After a brilliant 3-2 comeback against Bayern Munich last weekend (10/11), Borussia Dortmund resume their quest next weekend for the Bundesliga and UEFA Champions League titles. They face Mainz away on Saturday (24/11) before taking on Club Brugge at home the following Tuesday (27/11). The two fixtures present a real challenge to Dortmund who have lost two consecutive games for the first time since last season. I think it’ll also be interesting to see if Lucien Favre makes any changes to this Dortmund side or if he keeps his faith in the same player and systems he’s used so far this season.
Away at Mainz, Dortmund will have to be at their damaging best if they’re to ensure that they maintain their four-point lead in the Bundesliga. Coached by Sandro Schwarz, Mainz present a stern test for any Bundesliga side and playing away will just make the test even more difficult for Dortmund.
Dortmund’s away form though has been quite good and they’ve picked up 11 points out of 15 on the road already in the Bundesliga. What I hope to see in this next game, aside from a win, will be the inclusion of some fringe players like Mahmoud Dahoud and Julian Weigl and Raphael Guerreiro who can all add to the attack from midfield in different ways. I’d really like to see more experimentation, especially at this stage of the season where it’s still safe enough to take large risks. Who knows, it might just be the key to winning crucial games later on in the season.
One of Dortmund’s most interesting opponents this season so far was Club Brugge on UCL matchday 1 back in September. Ivan Lenko’s side are the current Belgian champions and it’s no surprise as to why. Their system revolves around a narrow defensive shape and occupying attacking areas in numbers on the break. For that, they usually use a 3-5-2 structure and Dortmund certainly found it hard to penetrate them and control counter-attacks last time out.
What changed the game that day was the introduction of Dahoud late on, as Lucien Favre adjusted his side formation from a 4-2-3-1 to a 4-1-4-1. Gotze and Reus were isolated for most of that game and as the team’s focal point that day, it meant that the team spent long periods circulating the ball in non-threatening areas, in front of Brugge’s defensive block.
Dahoud though, replacing Weigl, was positioned within Brugge’s defensive block and this allowed Witsel to dictate play from deep, while Dahoud helped to distribute the ball in higher areas to disorganize their opponents. He ended up playing the key pass for Pulisic’s goal.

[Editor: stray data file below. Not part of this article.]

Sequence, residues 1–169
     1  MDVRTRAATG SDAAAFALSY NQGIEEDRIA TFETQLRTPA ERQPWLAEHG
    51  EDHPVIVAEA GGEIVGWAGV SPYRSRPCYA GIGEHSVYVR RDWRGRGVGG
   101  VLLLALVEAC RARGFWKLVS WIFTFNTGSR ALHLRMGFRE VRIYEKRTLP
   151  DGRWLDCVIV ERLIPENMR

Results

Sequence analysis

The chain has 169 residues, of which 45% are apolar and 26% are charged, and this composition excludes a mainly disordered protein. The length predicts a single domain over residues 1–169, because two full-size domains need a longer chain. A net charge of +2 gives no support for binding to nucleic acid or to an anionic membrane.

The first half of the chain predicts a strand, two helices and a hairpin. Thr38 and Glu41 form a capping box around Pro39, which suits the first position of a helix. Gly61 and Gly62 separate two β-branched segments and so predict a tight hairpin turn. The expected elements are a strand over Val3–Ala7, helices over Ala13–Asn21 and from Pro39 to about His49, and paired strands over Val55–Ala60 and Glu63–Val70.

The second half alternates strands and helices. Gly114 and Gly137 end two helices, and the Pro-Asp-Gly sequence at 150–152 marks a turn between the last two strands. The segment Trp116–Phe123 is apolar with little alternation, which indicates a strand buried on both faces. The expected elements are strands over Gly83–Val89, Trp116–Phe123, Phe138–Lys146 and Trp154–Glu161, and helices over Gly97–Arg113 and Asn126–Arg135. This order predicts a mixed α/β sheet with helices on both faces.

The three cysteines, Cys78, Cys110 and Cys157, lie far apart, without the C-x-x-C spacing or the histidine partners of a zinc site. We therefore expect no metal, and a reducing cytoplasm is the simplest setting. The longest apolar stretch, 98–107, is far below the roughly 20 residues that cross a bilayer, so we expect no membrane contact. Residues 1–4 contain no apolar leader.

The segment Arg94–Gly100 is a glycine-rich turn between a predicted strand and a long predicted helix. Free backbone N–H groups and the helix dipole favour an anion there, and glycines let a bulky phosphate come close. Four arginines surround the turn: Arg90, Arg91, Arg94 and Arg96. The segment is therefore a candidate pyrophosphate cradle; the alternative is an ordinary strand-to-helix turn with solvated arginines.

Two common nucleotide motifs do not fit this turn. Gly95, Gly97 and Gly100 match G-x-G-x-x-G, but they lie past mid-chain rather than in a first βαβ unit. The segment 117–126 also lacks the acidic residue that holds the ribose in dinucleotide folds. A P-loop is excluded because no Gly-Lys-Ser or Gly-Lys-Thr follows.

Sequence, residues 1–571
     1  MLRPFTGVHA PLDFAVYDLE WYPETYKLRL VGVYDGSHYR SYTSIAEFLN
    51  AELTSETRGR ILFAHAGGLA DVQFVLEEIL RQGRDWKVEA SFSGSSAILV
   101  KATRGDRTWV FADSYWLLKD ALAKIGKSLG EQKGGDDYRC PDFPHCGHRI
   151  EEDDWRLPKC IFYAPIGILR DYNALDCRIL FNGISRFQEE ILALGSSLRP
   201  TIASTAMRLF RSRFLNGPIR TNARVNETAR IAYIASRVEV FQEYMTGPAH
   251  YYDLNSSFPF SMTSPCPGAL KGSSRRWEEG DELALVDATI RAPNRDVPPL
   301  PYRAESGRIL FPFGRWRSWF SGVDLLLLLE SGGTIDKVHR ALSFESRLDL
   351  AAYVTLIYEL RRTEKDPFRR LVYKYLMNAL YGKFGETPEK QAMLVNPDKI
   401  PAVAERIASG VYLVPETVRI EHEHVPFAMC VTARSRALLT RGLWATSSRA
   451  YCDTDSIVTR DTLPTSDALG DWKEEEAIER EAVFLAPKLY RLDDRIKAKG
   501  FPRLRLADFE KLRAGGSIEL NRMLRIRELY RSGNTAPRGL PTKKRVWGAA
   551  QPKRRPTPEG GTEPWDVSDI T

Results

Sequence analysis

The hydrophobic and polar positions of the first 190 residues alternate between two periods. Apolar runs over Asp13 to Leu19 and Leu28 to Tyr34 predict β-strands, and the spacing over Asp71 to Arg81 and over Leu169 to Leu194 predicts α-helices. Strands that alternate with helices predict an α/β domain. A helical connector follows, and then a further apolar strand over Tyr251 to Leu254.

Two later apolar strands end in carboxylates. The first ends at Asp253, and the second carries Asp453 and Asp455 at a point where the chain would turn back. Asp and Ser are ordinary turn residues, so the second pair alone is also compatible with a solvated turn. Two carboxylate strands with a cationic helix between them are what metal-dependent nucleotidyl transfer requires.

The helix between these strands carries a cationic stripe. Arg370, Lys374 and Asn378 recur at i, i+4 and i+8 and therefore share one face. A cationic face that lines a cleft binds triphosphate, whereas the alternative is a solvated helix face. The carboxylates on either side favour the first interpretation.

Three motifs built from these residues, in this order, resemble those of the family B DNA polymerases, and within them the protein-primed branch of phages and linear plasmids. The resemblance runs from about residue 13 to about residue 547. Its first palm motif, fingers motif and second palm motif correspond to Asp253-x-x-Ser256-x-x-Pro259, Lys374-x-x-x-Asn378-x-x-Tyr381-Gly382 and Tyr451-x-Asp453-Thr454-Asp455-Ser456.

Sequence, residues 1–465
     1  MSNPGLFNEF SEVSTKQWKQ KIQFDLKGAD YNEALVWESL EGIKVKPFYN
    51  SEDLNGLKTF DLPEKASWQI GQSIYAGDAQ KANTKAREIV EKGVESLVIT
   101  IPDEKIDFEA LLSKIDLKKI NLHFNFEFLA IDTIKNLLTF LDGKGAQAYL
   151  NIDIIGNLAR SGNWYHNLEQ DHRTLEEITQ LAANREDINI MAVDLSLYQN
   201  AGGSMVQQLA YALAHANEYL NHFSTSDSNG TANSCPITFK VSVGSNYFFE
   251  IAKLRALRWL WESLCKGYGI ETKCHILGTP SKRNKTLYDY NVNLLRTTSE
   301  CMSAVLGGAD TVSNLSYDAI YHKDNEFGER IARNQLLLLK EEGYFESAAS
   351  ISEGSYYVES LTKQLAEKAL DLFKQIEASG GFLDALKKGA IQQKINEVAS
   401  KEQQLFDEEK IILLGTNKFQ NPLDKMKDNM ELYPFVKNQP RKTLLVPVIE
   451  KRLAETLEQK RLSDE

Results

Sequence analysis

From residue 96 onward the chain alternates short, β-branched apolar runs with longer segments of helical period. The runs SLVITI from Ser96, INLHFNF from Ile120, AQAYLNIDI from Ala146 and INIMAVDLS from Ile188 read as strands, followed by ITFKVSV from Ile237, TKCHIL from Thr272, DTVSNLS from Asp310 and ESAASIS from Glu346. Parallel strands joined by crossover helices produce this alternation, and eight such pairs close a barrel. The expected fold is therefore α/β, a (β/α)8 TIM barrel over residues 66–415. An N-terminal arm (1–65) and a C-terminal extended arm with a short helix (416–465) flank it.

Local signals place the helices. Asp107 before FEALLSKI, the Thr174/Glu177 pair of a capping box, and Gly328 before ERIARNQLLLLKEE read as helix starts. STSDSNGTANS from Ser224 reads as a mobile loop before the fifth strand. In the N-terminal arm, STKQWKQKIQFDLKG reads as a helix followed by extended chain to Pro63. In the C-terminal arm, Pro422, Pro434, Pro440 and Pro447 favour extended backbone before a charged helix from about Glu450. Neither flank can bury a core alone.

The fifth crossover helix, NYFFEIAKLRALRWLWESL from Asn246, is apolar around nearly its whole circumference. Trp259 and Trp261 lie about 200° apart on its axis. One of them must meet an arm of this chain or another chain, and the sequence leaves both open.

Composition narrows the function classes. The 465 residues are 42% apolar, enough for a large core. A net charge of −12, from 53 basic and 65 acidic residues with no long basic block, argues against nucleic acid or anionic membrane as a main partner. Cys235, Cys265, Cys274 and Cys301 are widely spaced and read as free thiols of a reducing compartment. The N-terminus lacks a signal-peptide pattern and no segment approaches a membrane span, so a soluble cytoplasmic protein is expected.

A 4-2-3-1 shape is probably what Lucien Favre will set the side up in and if Ivan Lenko goes for a 3-5-2 like he did in the last game, again, Dortmund might find it hard to penetrate them and control their counter-attacks. Their use of width is also impressive with their fullbacks playing a big attacking role. The synergy between their wingbacks, attacking midfielders(no.8’s) and the ball near striker is usually very good. From a positional point of view, the 4-2-3-1 is a better tool for controlling counters right? However, without any penetration and occupation of the opposition in advanced areas, any time Dortmund lose the ball, they’ll most likely be defending on the backfoot. Their counter-pressing is usually much more effective when they’re able to form close connections, and they’ll need to be able to consistently create those in higher areas if they want to create more chances and create more defensive balance.
Adding an extra midfielder would also give Dortmund the opportunity to create isolated situations or at least 2v2 situations in wide areas. Dortmund are by far superior in these areas, but it requires patience, discipline and a high tempo to constantly generate such moments. However, Dortmund are certainly capable of doing so and I think if they adjust their structure(the earlier the better) to take advantage of Brugge’s lack of pressure on their defensive line, then they might win the game and secure qualification to the UCL Round of 16!